sentencing defendant, it could rely on “reliable and trustworthy” evidence relevant to the
charges on which the jury had deadlocked. Citing the totality of the evidence, the court
applied three aggravating factors and sentenced defendant to an extended term of twenty
years. After the court sentenced defendant, the State moved to dismiss the counts as to
which the jury had been unable to reach a verdict, and the court granted that motion.

      The Appellate Division affirmed the trial court’s judgment as to the waiver and
upheld defendant’s conviction. The Court granted certification.  232 N.J. 92 (2018).

HELD: The Court has significant concerns about the procedure followed in this case.
Neither the script set forth on the Miranda card nor the detective’s statement to defendant
addressed whether defendant agreed to waive his rights before answering questions.
However, any error in the trial court’s admission of the statement was harmless beyond a
reasonable doubt because the State presented overwhelming independent evidence of
defendant’s guilt. And, although the State should have moved to dismiss the charges on
which the jury had deadlocked before the court considered evidence relevant to those
charges, the trial court did not abuse its discretion in applying three aggravating factors to
impose an extended-term sentence at the high end of the statutory range.

1. The Miranda warnings ensure that a defendant’s right against self-incrimination is
protected in the inherently coercive atmosphere of custodial interrogation. When the
Supreme Court defined a suspect’s rights during custodial interrogation in Miranda, it
also addressed the waiver of those rights.  384 U.S.  at 444. Under New Jersey law, the
State must prove beyond a reasonable doubt that the suspect’s waiver was knowing,
intelligent, and voluntary in light of all the circumstances. However, waiver need not be
explicitly stated in order to be effective. Any clear manifestation of a desire to waive is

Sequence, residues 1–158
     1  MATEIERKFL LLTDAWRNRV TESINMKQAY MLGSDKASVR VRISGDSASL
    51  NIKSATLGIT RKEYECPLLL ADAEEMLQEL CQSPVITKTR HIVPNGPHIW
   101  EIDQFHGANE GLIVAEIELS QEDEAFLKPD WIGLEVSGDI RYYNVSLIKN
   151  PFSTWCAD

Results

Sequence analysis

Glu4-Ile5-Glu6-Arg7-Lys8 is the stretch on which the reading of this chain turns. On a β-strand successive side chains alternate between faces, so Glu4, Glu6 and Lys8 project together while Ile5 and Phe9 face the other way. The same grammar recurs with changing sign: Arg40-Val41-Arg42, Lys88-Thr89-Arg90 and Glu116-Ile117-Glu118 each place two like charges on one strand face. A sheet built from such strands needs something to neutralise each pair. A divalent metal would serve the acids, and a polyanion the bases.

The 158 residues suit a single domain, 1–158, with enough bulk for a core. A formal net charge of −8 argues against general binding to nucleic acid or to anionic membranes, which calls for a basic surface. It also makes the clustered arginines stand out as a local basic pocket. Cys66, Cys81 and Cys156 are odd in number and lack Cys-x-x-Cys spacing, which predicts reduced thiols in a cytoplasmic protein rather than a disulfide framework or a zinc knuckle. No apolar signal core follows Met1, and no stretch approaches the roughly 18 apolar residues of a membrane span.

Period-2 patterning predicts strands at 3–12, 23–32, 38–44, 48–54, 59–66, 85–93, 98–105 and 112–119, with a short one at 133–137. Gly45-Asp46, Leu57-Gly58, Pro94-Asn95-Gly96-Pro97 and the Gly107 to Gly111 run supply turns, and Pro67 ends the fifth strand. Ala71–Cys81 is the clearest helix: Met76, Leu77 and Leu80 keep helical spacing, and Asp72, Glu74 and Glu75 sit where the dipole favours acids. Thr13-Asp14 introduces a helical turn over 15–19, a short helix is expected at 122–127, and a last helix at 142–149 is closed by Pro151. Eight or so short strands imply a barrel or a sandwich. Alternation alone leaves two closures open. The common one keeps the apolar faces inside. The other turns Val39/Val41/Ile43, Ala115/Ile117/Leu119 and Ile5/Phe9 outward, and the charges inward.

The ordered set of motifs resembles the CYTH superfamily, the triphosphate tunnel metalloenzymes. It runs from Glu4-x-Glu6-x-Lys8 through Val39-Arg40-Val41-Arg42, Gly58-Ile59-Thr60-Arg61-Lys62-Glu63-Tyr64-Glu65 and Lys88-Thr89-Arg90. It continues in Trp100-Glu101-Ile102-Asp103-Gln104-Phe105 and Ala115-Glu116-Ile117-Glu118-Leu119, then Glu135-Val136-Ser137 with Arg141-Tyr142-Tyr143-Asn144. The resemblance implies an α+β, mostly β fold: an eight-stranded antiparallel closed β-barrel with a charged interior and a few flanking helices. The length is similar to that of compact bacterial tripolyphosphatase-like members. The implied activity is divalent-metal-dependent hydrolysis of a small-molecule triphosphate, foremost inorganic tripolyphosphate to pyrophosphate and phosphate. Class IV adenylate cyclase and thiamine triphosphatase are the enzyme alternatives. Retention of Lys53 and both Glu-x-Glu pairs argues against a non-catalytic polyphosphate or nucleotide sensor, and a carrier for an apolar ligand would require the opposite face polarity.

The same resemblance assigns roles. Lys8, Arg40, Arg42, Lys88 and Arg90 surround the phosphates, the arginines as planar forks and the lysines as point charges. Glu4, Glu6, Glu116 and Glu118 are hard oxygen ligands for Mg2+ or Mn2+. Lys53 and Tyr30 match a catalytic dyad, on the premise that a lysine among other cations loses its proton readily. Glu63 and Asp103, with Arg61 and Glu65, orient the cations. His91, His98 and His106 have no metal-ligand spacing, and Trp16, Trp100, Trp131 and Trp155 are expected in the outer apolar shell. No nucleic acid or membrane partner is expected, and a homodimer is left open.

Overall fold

sufficient. To determine the question of waiver, the trial court reviews the totality of the
circumstances surrounding the custodial interrogation. The Court lists the factors
typically considered in that analysis and agrees with the trial court that the majority of
those favor a finding of implied waiver under the circumstances of this case. (pp. 21-25)


                                              3
2. The trial court, however, did not consider two aspects of the administration of the
Miranda warnings in this case. First, the Miranda card used by the New Jersey State
Police investigators does not reflect optimal law-enforcement practice. It did not guide
an interrogating officer to ensure that the suspect had waived those rights before
questioning began. Consistent with Fifth Amendment jurisprudence and state law on the
right against self-incrimination, Miranda cards and other written forms used by law
enforcement in New Jersey should direct the interrogating officer to address the question
of waiver in the Miranda inquiry. The Court requests that the Attorney General review
examples of Miranda waiver cards and forms in use by law-enforcement agencies in New
Jersey, and make recommendations as to best practices on this issue. Second, the advice
that Detective Ribeiro gave defendant as to the purpose of his signature on the Miranda
card was incomplete. The detective told defendant that by signing the card, he would
simply acknowledge that his Miranda rights had been read to him. To the contrary, a
defendant’s signature on a Miranda card does much more than acknowledge that law
enforcement has recited the Miranda rights. When law enforcement officers request that
a suspect sign a Miranda card or form, they should scrupulously avoid making comments
that minimize the significance of the suspect’s signature on that card or form.
Accordingly, although most of the “totality of the circumstances” factors support the trial
court’s finding of an implied waiver, the advice that law enforcement gave defendant
regarding his constitutional rights weighs against such a finding in this case. (pp. 25-27)

3. The Court does not resolve the difficult question whether the admission of defendant’s
statement to police demands intervention because, in the unusual setting of this case, any
error by the trial court in admitting defendant’s statement was harmless beyond a
reasonable doubt. The evidence implicating defendant in the single weapon transaction
for which he was convicted was overwhelming. The Court recounts the evidence relating
to the fourth transaction in detail and notes that defendant’s statement contained little -- if